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Big Data Not Yet A Best Practice In Insurance

Big data is a hot topic across the insurance industry, but many carriers are stymied by the challenges of making a business case for the types of systems and infrastructure investments required to support a big data strategy, says Martina Conlon, a principal in the insurance practice of Novarica.

One aspect of big data is the growing volume of third-party data. How are insurers balancing this with management of all the internally generated data?

Conlon: Certainly, third-party data sources are abundant, and new ones are showing up every month, especially now that there is so much big data out there. Regarding internal data, the database technology is better, data warehouses are better, so most compa- nies are in a position to better leverage their internal data.

In the last seven years, more and more information is coming from [sources such as] ISO or LexisNexis as part of the new business or claims process, from claimants or agents. This makes for a more efficient business process. The fact that you can prefill applications means the agent doesn't have to do as much typing, the quality and consistency are better, and carriers are comfortable with the data they are getting from these major data providers. Also, policyholders are willing to share more private information to get discounts.

We think this will continue, partly due to telematics and the increased availability and leveraging of third-party data. More information will be incorporated into the new business process that will enrich the context of whatever that business is.

Are there any best practices around big data, whether within insurance or from other industries, that insurers should consider?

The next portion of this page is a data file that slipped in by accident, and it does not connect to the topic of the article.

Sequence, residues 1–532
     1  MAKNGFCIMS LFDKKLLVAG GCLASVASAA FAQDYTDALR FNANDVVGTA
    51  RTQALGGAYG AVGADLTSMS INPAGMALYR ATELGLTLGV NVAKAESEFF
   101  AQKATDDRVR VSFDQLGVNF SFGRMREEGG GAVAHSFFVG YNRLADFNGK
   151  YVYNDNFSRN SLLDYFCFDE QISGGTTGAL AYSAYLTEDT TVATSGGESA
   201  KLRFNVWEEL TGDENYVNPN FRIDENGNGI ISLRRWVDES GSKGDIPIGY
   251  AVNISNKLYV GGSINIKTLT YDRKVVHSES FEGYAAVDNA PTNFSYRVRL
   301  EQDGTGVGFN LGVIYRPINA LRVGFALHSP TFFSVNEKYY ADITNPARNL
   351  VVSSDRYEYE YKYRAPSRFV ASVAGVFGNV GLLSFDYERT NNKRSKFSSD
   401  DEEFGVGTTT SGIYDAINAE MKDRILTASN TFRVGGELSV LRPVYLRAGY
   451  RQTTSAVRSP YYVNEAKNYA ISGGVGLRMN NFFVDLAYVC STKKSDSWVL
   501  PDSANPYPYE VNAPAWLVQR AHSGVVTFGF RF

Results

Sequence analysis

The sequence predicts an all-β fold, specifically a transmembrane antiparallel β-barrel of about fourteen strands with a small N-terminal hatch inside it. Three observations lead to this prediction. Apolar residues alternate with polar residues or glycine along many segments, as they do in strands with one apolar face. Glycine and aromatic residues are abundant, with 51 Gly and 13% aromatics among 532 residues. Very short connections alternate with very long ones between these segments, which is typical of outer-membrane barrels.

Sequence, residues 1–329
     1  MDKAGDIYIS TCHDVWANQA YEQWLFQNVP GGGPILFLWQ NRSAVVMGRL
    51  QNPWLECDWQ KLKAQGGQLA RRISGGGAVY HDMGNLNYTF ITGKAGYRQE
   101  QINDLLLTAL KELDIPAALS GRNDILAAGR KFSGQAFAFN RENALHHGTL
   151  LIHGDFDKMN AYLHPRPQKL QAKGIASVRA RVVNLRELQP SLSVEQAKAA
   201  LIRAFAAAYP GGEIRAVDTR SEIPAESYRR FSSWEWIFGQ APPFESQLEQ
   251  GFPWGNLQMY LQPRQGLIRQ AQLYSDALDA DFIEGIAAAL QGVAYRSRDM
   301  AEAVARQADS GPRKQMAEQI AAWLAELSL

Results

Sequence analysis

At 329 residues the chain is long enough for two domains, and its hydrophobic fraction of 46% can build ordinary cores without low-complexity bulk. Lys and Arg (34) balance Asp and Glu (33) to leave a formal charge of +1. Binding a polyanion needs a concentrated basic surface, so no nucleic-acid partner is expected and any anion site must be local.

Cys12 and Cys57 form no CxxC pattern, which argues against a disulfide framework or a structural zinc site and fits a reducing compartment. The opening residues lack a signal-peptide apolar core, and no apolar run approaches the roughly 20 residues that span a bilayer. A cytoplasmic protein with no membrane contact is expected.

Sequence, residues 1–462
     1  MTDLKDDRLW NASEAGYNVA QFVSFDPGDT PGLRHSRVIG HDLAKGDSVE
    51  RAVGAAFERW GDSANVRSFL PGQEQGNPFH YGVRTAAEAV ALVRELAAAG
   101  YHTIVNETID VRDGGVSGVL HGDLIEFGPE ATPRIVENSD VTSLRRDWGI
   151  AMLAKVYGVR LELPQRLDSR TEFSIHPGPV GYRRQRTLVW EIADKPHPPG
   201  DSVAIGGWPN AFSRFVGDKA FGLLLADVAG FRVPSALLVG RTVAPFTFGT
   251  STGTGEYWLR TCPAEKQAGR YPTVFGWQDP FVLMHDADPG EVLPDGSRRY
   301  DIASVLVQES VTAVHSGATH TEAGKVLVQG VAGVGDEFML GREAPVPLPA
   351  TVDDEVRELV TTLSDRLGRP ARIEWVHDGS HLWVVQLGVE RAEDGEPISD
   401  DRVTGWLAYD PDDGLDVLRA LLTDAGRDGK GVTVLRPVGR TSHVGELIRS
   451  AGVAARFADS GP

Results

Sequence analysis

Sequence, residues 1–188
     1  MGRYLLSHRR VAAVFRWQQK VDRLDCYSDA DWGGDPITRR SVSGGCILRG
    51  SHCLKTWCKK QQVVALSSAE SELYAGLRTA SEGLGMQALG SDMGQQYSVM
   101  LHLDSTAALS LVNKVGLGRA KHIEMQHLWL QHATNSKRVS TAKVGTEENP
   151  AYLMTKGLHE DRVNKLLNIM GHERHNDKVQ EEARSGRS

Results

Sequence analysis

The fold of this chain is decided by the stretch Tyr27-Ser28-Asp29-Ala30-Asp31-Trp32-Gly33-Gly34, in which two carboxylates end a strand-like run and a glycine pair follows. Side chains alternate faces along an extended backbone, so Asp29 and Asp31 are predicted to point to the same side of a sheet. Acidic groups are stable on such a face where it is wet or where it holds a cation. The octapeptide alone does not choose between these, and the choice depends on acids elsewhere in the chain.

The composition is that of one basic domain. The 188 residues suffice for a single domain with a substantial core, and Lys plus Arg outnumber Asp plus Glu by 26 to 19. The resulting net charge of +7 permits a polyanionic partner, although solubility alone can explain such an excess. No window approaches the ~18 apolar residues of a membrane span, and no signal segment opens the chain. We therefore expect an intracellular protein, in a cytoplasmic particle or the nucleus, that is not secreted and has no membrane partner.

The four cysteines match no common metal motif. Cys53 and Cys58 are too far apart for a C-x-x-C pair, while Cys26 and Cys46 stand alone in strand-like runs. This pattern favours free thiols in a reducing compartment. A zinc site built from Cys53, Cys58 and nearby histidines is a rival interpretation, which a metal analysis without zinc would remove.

Conlon: There are major industries that have activity around big data, such as retail, other branches of financial services, potentially health insurance (maybe more so on the provider side than the payer side). [Carriers need to] try and bring those concepts and apply them in insurance. One of the best practices we've seen includes having business buy-in, having these projects be business-sponsored.

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When you create a big data team, the task of leveraging big data and providing them with a high-level scope is critically important, so that they're not floundering and they have a focus that is linked to the business goals of the organization. For example, it could be the scope of increasing revenue (if the goal is growth). Translating those goals into the scope of the big data team is crucially important, so they're not just out there working with large amounts of data.

Just looking at the applications that are interesting, you can envision how they will impact insurance -- for example, activity around customer engagement. In the next 10 years, our behavior will change and companies will be more proactive in terms of marketing, learning what prospects look at on [company] websites and what kinds of activities appear on their social media pages. I can see those applications coming more actively into use in the insurance industry.

Katherine Burger is Editorial Director of Bank Systems & Technology and Insurance & Technology, members of UBM TechWeb's InformationWeek Financial Services. She assumed leadership of Bank Systems & Technology in 2003 and of Insurance & Technology in 1991. In addition to ... View Full Bio

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